3. Semih Emre Çekin & Victor J. Valcarcel, 0. "Inflation volatility and inflation in the wake of the great recession," Empirical Economics, Springer, vol. 0, pages 1-19.
    4. Semih Emre Çekin & Victor J. Valcarcel, 2020. "Inflation volatility and inflation in the wake of the great recession," Empirical Economics, Springer, vol. 59(4), pages 1997-2015, October.
    5. Tsyplakov, Alexander, 2010. "The links between inflation and inflation uncertainty at the longer horizon," MPRA Paper 26908, University Library of Munich, Germany.
    6. Shih‐Tang Hwu & Chang‐Jin Kim, 2019. "Estimating Trend Inflation Based on Unobserved Components Model: Is It Correlated with the Inflation Gap?," Journal of Money, Credit and Banking, Blackwell Publishing, vol. 51(8), pages 2305-2319, December.
    7. Faust, Jon & Wright, Jonathan H., 2013. "Forecasting Inflation," Handbook of Economic Forecasting, in: G. Elliott & C. Granger & A. Timmermann (ed.), Handbook of Economic Forecasting, edition 1, volume 2, chapter 0, pages 2-56, Elsevier.
    8. Pierre L. Siklos, 2016. "Forecast Disagreement and the Inflation Outlook: New International Evidence," IMES Discussion Paper Series 16-E-03, Institute for Monetary and Economic Studies, Bank of Japan.
    9. Doshi, Hitesh & Jacobs, Kris & Liu, Rui, 2018. "Macroeconomic determinants of the term structure: Long-run and short-run dynamics," Journal of Empirical Finance, Elsevier, vol. 48(C), pages 99-122.
    10. Siklos, Pierre, 2017. "What Has Publishing Inflation Forecasts Accomplished? Central Banks And Their Competitors," LCERPA Working Papers 0098, Laurier Centre for Economic Research and Policy Analysis, revised 01 Apr 2017.
    11. Claudiu T. Albulescu & Aviral Kumar Twari & Stephen M. Miller & Rangan Gupta, 2015. "Time-Frequency Relationship between Inflation and Inflation Uncertainty for the U.S.: Evidence from Historical Data," Working Papers 201591, University of Pretoria, Department of Economics.
    12. Joshua C. C. Chan, 2017. "The Stochastic Volatility in Mean Model With Time-Varying Parameters: An Application to Inflation Modeling," Journal of Business & Economic Statistics, Taylor & Francis Journals, vol. 35(1), pages 17-28, January.
    13. Berument, M. Hakan & Yalcin, Yeliz & Yildirim, Julide, 2012. "Inflation and inflation uncertainty: A dynamic framework," Physica A: Statistical Mechanics and its Applications, Elsevier, vol. 391(20), pages 4816-4826.
    14. Luis Ceballos & Alberto Naudon & Damián Romero, 2016. "Nominal term structure and term premia: evidence from Chile," Applied Economics, Taylor & Francis Journals, vol. 48(29), pages 2721-2735, June.
    15. Hartmann, Matthias & Herwartz, Helmut & Ulm, Maren, 2017. "A comparative assessment of alternative ex ante measures of inflation uncertainty," International Journal of Forecasting, Elsevier, vol. 33(1), pages 76-89.
    16. Kučera, Adam, 2020. "Identification of triggers of U.S. yield curve movements," The North American Journal of Economics and Finance, Elsevier, vol. 54(C).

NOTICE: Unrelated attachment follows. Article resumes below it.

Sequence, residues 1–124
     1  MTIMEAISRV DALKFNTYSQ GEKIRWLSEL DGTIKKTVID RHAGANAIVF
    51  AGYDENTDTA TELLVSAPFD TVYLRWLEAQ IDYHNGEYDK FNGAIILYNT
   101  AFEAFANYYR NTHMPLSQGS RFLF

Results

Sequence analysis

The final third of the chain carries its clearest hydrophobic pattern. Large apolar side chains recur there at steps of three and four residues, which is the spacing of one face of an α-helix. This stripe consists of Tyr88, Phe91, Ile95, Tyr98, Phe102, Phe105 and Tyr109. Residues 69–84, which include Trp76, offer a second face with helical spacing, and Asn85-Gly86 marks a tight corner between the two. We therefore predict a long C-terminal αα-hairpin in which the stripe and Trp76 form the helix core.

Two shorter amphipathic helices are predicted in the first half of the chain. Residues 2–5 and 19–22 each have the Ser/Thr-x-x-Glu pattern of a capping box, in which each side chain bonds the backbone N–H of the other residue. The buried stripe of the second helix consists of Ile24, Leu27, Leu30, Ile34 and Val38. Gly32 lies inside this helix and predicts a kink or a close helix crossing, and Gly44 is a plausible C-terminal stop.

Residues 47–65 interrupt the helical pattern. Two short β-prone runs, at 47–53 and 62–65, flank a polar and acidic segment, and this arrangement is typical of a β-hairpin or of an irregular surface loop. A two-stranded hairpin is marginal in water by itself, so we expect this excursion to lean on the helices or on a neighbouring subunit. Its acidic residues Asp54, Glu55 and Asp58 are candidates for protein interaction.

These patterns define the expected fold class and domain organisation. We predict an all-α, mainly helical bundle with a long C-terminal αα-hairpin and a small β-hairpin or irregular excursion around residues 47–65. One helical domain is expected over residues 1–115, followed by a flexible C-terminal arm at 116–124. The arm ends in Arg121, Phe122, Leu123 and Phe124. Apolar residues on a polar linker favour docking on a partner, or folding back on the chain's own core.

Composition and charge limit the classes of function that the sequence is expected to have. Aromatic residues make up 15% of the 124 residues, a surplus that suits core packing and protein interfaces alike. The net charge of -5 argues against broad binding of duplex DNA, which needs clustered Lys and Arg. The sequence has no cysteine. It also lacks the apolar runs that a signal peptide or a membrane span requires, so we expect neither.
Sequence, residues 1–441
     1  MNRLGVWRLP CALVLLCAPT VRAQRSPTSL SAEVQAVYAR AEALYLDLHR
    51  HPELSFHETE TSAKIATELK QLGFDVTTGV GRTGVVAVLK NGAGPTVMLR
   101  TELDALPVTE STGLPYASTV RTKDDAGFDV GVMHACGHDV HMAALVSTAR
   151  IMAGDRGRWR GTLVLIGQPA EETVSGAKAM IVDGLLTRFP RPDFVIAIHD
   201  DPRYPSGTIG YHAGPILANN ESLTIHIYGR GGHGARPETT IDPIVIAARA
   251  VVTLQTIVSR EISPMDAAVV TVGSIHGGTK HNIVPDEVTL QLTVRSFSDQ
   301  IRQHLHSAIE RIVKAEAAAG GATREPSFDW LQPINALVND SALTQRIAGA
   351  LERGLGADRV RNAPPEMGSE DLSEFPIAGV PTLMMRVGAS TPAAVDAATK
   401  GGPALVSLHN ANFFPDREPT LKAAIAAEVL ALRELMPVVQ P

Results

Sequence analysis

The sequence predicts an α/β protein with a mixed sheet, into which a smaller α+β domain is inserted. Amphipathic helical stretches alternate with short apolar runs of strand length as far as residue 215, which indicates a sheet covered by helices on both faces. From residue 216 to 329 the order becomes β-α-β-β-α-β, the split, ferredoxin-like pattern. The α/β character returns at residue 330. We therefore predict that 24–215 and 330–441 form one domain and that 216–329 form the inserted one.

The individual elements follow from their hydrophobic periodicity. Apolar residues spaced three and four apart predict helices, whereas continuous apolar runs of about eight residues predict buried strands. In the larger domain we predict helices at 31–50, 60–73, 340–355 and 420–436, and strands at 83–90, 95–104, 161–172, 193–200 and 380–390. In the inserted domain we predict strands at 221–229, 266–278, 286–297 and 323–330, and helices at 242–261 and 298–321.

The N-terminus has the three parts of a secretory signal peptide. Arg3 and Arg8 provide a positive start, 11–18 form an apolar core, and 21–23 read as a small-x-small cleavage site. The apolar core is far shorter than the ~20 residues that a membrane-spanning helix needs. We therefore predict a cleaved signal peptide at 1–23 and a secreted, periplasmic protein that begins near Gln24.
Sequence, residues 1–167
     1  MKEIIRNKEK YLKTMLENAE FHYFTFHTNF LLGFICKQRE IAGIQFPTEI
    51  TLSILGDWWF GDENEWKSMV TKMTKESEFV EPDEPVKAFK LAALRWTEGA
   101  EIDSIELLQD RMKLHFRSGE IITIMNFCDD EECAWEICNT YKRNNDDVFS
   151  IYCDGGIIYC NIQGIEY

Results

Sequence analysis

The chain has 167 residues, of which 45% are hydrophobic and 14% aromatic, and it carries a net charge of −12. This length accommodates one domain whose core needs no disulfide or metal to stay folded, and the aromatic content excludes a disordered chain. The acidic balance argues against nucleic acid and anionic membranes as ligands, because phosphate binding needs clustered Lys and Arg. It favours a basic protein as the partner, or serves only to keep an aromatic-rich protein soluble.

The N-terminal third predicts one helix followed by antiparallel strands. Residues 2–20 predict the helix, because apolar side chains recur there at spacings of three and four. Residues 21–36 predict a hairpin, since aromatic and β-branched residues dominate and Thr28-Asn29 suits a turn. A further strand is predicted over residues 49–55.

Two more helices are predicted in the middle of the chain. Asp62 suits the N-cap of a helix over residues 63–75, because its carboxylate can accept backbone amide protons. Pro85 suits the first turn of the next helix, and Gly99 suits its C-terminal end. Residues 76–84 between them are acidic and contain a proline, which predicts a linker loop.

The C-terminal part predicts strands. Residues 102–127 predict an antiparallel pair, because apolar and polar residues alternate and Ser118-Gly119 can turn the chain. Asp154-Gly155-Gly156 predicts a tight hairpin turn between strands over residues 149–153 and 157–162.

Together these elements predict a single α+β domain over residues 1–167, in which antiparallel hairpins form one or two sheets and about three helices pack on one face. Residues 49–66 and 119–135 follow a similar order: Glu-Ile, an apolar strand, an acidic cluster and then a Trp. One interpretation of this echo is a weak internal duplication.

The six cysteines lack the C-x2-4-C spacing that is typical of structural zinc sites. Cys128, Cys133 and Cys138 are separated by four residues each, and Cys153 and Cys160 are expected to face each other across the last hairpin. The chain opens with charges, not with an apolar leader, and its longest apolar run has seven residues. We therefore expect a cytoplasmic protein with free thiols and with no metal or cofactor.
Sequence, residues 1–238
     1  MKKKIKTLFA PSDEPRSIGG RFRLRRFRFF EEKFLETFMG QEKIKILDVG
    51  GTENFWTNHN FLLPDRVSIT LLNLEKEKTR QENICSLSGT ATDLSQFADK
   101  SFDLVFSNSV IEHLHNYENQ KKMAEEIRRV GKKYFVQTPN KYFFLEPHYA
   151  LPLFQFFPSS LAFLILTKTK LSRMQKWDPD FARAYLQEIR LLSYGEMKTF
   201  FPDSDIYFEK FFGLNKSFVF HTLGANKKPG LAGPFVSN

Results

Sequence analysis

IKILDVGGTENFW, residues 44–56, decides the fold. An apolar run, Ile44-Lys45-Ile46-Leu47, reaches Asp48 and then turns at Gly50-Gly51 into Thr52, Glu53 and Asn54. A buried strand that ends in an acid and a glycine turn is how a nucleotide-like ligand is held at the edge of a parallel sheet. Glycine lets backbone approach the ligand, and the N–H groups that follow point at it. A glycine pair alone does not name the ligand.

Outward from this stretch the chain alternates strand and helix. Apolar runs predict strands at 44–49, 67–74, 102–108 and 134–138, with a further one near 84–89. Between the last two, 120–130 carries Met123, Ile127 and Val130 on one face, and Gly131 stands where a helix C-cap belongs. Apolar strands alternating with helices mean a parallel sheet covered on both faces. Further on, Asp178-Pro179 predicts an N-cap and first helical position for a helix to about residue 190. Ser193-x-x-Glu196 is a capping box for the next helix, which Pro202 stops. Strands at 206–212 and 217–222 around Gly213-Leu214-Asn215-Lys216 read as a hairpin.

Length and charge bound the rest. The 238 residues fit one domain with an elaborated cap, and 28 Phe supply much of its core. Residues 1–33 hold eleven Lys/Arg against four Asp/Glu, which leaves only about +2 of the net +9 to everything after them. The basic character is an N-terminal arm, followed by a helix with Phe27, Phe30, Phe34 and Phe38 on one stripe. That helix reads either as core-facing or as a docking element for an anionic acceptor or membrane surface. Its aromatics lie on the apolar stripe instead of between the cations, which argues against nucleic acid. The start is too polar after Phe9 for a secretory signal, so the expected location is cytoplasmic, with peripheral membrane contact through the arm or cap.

17. Calice, Giovanni & Ioannidis, Christos & Miao, RongHui, 2016. "A Markov switching unobserved component analysis of the CDX index term premium," International Review of Financial Analysis, Elsevier, vol. 44(C), pages 189-204.
    18. Jonathan H. Wright, 2008. "Term premiums and inflation uncertainty: empirical evidence from an international panel dataset," Finance and Economics Discussion Series 2008-25, Board of Governors of the Federal Reserve System (U.S.).
    19. Faria, Adriano & Almeida, Caio, 2018. "A hybrid spline-based parametric model for the yield curve," Journal of Economic Dynamics and Control, Elsevier, vol. 86(C), pages 72-94.
    20. Eric Hillebrand & Huiyu Huang & Tae-Hwy Lee & Canlin Li, 2018. "Using the Entire Yield Curve in Forecasting Output and Inflation," Econometrics, MDPI, Open Access Journal, vol. 6(3), pages 1-27, August.

    More about this item

    Keywords

    Government securities; Inflation-indexed bonds; Inflation (Finance);
    All these keywords.

    JEL classification:

    • E31 - Macroeconomics and Monetary Economics - - Prices, Business Fluctuations, and Cycles - - - Price Level; Inflation; Deflation
    • E43 - Macroeconomics and Monetary Economics - - Money and Interest Rates - - - Interest Rates: Determination, Term Structure, and Effects
    • H63 - Public Economics - - National Budget, Deficit, and Debt - - - Debt; Debt Management; Sovereign Debt

    NEP fields

    This paper has been announced in the following NEP Reports:

    Statistics

    Access and download statistics

    Corrections

    All material on this site has been provided by the respective publishers and authors. You can help correct errors and omissions. When requesting a correction, please mention this item's handle: RePEc:fip:fedgfe:2008-05. See general information about how to correct material in RePEc.

    For technical questions regarding this item, or to correct its authors, title, abstract, bibliographic or download information, contact: . General contact details of provider: https://edirc.repec.org/data/frbgvus.html .

    If you have authored this item and are not yet registered with RePEc, we encourage you to do it here. This allows to link your profile to this item. It also allows you to accept potential citations to this item that we are uncertain about.

    If CitEc recognized a bibliographic reference but did not link an item in RePEc to it, you can help with this form .

    If you know of missing items citing this one, you can help us creating those links by adding the relevant references in the same way as above, for each refering item. If you are a registered author of this item, you may also want to check the "citations" tab in your RePEc Author Service profile, as there may be some citations waiting for confirmation.

    For technical questions regarding this item, or to correct its authors, title, abstract, bibliographic or download information, contact: (email available below). General contact details of provider: https://edirc.repec.org/data/frbgvus.html .

    Please note that corrections may take a couple of weeks to filter through the various RePEc services.

    IDEAS is a RePEc service hosted by the Research Division of the Federal Reserve Bank of St. Louis . RePEc uses bibliographic data supplied by the respective publishers.